The first step to managing a firm’s social media presence is to accept that such a step has value for the company. Hunt noted that many organizational leaders are “digital rookies,” meaning that they do not understand social technologies and their potential value. External forces also play a role in prevailing attitudes. “The general media doesn’t always help in this regard, as they too often emphasize the frivolous and salacious aspects of social media (e.g., engagement by teenagers and entertainment and sports celebrities) and minimize or disregard their more serious and less exciting applications (e.g., business development in a B2B context),” she said.
In addition, social media is still developing. “Both the technologies and their uses are still evolving and maturing, and few leaders have the desire or resources to participate until things start to settle down,” Hunt remarked. Although social media continues to progress, it has become a permanent fixture in the IT landscape. The Denovati Group founder and principal believes that it is only a matter of time until social media management becomes integrated into everyday business operations.
The next step is formulating a social media strategy. “Everything always starts with and depends on the organization’s goals and objectives. Once those are well defined, the question then becomes whether and to what extent social media is important to achieving those goals and objectives,” Hunt commented. “Next, they have to create a realistic assessment of how much time and effort their digital engagement may require, and how that might fluctuate over time.” Firms must also take stock of their internal social media capital, and the capacity their staff has to engage with social media. Hunt acknowledged that many businesses overestimate their capabilities. She noted that companies must ask themselves what they are trying to accomplish, how much work achieving those goals will take, what skills are required to reach those aims, and whether people possess those skills within the organization.
Hunt recommended using consultant firms at the outset. Businesses should initially hire strategists and then turn to tacticians to create a plan of how it will engage. This project includes deciding how many people will be responsible for social media engagement and what those employees should know or do. Hunt compared hiring a consulting firm for social media management with retaining an external law firm or an accounting company. “It never hurts to seek advice and counsel from outside experts to ensure their ideas and activities are on the right track – particularly when they’re venturing into uncharted territory,” she remarked.
After developing a digital engagement plan, business leaders must select the staff members to carry it out. Hunt pointed out that there are several different skill sets that these employees need to possess. A tolerance for repetitive activities, such as writing daily tweets or blog postings, has to be combined with a sense of spontaneity, such as responding to comments or complaints. This balance requires strong organizational skills and discernment. Another quality digital engagement professionals should have is a high level of emotional intelligence. “In the face of challenges and more, it’s important to remain calm, cool and collected – particularly when engaging with others in cyberspace. It may seem Pollyannaish , but a cheerful disposition and strong problem solving and diplomacy skills are key to great digital brand representation,” Hunt said.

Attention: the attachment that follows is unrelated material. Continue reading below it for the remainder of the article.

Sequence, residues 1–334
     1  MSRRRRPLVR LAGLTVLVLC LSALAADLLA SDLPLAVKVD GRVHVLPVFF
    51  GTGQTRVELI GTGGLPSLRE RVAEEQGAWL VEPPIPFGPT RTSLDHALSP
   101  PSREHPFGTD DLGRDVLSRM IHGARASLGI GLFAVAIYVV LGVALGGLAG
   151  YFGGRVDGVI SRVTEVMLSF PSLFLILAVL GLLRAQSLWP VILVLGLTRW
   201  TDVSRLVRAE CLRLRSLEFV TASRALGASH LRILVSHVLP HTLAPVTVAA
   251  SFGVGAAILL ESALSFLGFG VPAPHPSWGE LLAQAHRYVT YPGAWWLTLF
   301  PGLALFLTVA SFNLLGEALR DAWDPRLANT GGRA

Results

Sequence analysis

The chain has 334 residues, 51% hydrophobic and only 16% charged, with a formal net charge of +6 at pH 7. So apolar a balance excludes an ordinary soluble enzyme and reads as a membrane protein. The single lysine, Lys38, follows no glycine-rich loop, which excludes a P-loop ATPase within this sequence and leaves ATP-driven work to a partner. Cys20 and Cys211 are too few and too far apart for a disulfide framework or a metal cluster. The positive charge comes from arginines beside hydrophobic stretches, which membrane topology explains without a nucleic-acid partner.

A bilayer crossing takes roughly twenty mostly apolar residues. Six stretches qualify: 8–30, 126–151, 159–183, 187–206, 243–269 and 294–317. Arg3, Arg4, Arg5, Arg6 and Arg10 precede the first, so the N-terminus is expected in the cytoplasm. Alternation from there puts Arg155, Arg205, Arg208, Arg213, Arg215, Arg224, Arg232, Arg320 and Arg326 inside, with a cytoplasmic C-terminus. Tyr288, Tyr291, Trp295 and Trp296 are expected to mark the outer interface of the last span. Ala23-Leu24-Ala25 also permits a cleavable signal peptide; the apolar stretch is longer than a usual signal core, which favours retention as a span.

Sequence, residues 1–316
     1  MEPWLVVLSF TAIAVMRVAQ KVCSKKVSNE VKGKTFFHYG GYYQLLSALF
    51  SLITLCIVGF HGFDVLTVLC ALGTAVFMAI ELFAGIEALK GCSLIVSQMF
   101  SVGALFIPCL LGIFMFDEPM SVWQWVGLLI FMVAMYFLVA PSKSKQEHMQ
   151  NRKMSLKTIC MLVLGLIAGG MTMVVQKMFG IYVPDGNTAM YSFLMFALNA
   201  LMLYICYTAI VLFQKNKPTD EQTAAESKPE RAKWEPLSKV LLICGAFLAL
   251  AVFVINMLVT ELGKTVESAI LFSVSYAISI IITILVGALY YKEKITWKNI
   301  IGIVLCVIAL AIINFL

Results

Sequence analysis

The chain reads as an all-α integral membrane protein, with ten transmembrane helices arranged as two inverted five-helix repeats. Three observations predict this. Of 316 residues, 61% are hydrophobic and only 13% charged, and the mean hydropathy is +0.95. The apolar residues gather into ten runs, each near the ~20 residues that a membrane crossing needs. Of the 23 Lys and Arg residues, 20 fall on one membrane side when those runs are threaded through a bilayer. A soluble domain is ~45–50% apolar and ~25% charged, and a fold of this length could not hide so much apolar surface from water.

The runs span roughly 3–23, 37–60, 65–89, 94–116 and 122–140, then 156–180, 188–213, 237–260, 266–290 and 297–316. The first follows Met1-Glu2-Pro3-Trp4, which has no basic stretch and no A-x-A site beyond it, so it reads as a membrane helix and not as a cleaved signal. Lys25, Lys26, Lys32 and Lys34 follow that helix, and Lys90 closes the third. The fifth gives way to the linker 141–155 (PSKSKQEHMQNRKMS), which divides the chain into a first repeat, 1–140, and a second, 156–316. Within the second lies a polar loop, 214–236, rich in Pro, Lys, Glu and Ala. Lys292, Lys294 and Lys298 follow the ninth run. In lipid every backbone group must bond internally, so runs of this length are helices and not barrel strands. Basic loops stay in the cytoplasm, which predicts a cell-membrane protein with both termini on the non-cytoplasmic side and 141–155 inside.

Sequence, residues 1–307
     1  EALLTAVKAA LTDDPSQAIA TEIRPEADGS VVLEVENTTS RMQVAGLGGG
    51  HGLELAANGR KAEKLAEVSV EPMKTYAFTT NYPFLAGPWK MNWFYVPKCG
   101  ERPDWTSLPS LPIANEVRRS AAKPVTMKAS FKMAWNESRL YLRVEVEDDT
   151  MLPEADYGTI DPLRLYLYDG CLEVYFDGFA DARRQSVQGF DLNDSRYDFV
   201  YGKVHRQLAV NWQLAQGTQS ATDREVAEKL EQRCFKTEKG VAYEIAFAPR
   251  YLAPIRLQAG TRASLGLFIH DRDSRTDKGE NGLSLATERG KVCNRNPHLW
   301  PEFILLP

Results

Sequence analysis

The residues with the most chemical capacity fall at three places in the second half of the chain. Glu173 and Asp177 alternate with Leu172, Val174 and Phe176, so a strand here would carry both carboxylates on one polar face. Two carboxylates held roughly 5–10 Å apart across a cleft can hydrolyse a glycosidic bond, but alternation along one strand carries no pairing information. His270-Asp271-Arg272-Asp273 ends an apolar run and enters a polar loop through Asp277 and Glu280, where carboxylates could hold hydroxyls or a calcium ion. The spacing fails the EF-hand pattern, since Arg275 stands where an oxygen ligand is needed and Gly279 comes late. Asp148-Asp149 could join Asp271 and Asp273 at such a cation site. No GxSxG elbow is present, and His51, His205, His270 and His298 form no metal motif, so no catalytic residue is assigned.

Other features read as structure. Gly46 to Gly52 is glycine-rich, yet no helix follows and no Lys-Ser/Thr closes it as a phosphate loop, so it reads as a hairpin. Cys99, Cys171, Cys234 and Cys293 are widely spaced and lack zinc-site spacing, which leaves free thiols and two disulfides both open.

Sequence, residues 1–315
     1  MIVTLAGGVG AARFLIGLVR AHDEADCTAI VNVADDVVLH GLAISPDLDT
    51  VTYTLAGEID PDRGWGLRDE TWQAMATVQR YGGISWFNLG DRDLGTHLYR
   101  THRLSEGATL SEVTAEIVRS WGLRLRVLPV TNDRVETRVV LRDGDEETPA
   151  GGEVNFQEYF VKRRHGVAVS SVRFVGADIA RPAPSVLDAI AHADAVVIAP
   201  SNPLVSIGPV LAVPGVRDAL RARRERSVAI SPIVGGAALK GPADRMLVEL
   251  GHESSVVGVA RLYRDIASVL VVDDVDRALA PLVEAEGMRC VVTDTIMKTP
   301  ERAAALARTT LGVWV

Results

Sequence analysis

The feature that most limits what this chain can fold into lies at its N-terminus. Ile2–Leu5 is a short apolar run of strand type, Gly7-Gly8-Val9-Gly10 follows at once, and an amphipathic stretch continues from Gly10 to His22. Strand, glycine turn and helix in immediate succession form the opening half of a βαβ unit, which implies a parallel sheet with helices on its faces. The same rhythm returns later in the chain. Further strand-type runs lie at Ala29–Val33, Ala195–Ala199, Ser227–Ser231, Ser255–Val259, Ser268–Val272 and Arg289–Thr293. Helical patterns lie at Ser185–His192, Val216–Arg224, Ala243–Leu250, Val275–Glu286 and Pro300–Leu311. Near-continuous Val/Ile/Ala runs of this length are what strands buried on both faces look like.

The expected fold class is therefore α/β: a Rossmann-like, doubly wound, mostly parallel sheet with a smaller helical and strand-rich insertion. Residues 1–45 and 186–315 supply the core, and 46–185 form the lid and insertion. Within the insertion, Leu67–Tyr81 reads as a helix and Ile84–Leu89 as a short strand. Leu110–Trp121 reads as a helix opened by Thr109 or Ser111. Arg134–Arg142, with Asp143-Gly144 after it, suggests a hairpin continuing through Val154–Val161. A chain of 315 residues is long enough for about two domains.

These employees should also possess excellent writing skills. “Tweets and status updates may seem breezy, but doing them well requires more effort than people may realize. And when you’re representing a brand, quality – good grammar, nice presentation – is critically important,” Hunt stated. Good judgement is an equally important quality. Hunt explained that professionals in the field of digital engagement must understand the business, the industry, the key stakeholders and their expectations. “Even in markets where innovation and risks are expected and rewarded, that doesn’t mean ‘anything goes,’” she cautioned.
The success of social media management and digital engagement will rely heavily on corporate buy-in. Hunt commented that the keys to a favourable outcome are balance, education, culture and consequences. “Policies should fairly balance the rights and responsibilities of the employer, managers, and individual contributors. Draconian policies that are heavily favored toward the rights of employers will not be acceptable to employees and are less likely to be complied with,” she remarked. Hunt added that workers must also understand why these regulations have been put in place. Often, the people on the ground do not understand why rules benefit both them and the organization.
Furthermore, the company culture must support policies. “If organizational leaders in particular don’t ‘walk the talk,’ it’s less likely other employees will,” Hunt warned. Consequences will also teach everyone at the company the importance of adhering to policy. The consequences must be appropriate, and they must be applied consistently. Otherwise, no one will respect the rules or honour them.
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